After living in Iceland for a while, I thought it was time to finally experience a glacier first hand. And what better way to explore a glacier than with Into the Glacier, a company specializing in tours inside the longest ice tunnel in the world at 1220 meters. So off I went mid-June on a Happy Camper road trip to the second largest glacier in Iceland, Langjökull where the western side of the country sources their fresh water (the water you’re drinking in Reykjavík right now took a couple of centuries to reach your tap!).
No matter what time of the year you plan to visit the glacier, remember the temperature always stays chilly at 0°C. Into the Glacier recommends water repellent boots, hat, and layers, similar to our essential packing guide. It also took some time to reach the tunnel, so snacks and a water bottle is recommended during the transfers. Once at Klaki Base Camp (“Klaki” translates to ice cube), you’ll be able to see a map pinpointing (in blue) the different locations of the tour including Húsafell shuttle pick up, Klaki Base Camp, and of course the entrance of Into the Glacier.
Here’s my review of my experience going into the glacier:
Cool fact alert: The tunnel took four years of surveying and 14 months to dig out! And although the glacier moves one centimeter each year, the tunnel is apparently the safest place to be hiding in the case of an earthquake.
As Happy Campers aren’t 4WD, we weren’t able to drive directly to Klaki Base Camp, or in English, “Ice Cube Base Camp”. Our option was to hire the tour shuttle which took approximately 30 minutes from Húsafell, where we camped the night prior.
After arriving at Klaki, we took this NATO vehicle that originally looked for fighter planes in Greenland and now the official Into the Glacier bus service. At 15km/hr, it took another 30 minutes to get to the tunnel, so Ingo, our tour guide, kept us entertained with some interesting stories and facts based on the surroundings of Langjökull.
And so the actual tour began. The tunnel didn’t look like much, but holds importance for the staff of Into the Glacier. Since the tunnel was created, Ingo and his teammates haven’t had to locate the entrance to the inside and dig it out every. single. day. Now it’s dug out only 2 times per month.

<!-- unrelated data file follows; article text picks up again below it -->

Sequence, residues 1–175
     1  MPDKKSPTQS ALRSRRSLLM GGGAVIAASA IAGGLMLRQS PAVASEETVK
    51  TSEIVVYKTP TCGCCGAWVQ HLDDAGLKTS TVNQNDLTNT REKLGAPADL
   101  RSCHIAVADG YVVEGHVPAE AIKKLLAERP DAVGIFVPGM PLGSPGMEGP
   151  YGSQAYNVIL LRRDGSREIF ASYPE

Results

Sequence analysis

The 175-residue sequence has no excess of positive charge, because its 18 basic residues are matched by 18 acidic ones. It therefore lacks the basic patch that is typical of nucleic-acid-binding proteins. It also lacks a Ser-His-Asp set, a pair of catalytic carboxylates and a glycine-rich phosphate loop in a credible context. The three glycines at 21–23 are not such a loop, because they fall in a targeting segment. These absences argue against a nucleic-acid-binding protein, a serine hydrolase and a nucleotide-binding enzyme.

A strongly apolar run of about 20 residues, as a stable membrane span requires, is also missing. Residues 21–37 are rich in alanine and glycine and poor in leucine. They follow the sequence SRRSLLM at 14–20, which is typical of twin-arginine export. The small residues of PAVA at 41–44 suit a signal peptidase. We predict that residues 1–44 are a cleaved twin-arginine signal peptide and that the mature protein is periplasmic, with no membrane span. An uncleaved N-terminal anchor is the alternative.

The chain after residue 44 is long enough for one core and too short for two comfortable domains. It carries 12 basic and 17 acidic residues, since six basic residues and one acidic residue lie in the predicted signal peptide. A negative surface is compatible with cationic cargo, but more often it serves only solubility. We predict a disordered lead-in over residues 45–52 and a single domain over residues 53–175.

As we descended into the dark tunnel, we were welcomed by the warmth of fairy lights that guided us into the first room. So lovely!
Before officially beginning the tour, Ingo introduced us to an important tool for glacier walks: crampons. They’re essentially a slip-on sole equipped with many metal picks to keep the friction (aka. you’re less likely to slip and fall!).
One of the first things that caught our attention was the layering within the tunnel. According to Ingo, the interesting feature in the tunnel is comprised of tightly compressed snow and volcanic ash called “fur”. The thicker layer you see is only a decade old while the oldest layer is 3000 years young!
Did you know the entire glacier will disappear in only 150 years?! It was interesting to see this timeline of the past, present, and future of Langjökull.
Just the week before, there was an epic event held right here inside the glacier for a big music festival. One of Ingo’s favourite DJ’s happened to be playing and he told me how surreal it was to experience the music inside the coolest workplace around.
Here we are in the old chapel where the alter is still in its place. It’s now “old” because the acoustics weren’t up to par for a chapel, so they ended up building a new one. However, this is one of the many rooms where holes are created for the research of glacier movement.
Our next stop was the new chapel where the acoustics are so good that some artists have recorded music in the room! Fun fact: 3 weddings and 24 proposals have taken place in the chapel. So romantic it gives me the chills. Brr!
We found some water pockets- frozen and not frozen- within the chapel as well. They’re quite obvious as they are a deep blue colour surrounded by fur and the perfect natural wall decoration.
We continued the journey deep into the glacier…
And found ourselves in a cove with a tiny water hole.
Towards the end of our tour, we came across the wooden troll bridge where we could stand and take a look within a great crevice..
Which happened to have an eerie ice sculpture- the profile of a troll! Ingo says it only appeared 6 weeks before we went on our tour, but to this day, I’m still hard pressed to believe if he was just saying it to impress us, or if it’s a permanent sculpture for all tours to enjoy! In any case, this was pretty darn cool.
To sum it up, I along with my tour mates had a fun adventure exploring Into the Glacier with Ingo, a guide who clearly knows the ins and outs of the tunnel and Langjökull. My first time exploring a glacier is now crossed off my bucket list and I really think it should be considered as part of yours- as long as you make it to Iceland within the next 150 years! If I could say one more thing, it would be to make sure you’re wearing the warmest socks ever! Although I had wool socks under my hiking boots, the 0°C tempurature made my little tootsies a little frozen by the end of the tour.
Until next time, happy travels!
To check out Lea’s adventures, follow her on Instagram @coolitchcowski
To read more about Lea’s Happy Camper Adventures in Iceland check out these articles:A Rejuvenating Experience at Myvatn Nature BathsHappy Camper’s Official Packing List for a Great Road TripPólar Hestar Horseback Riding in North Iceland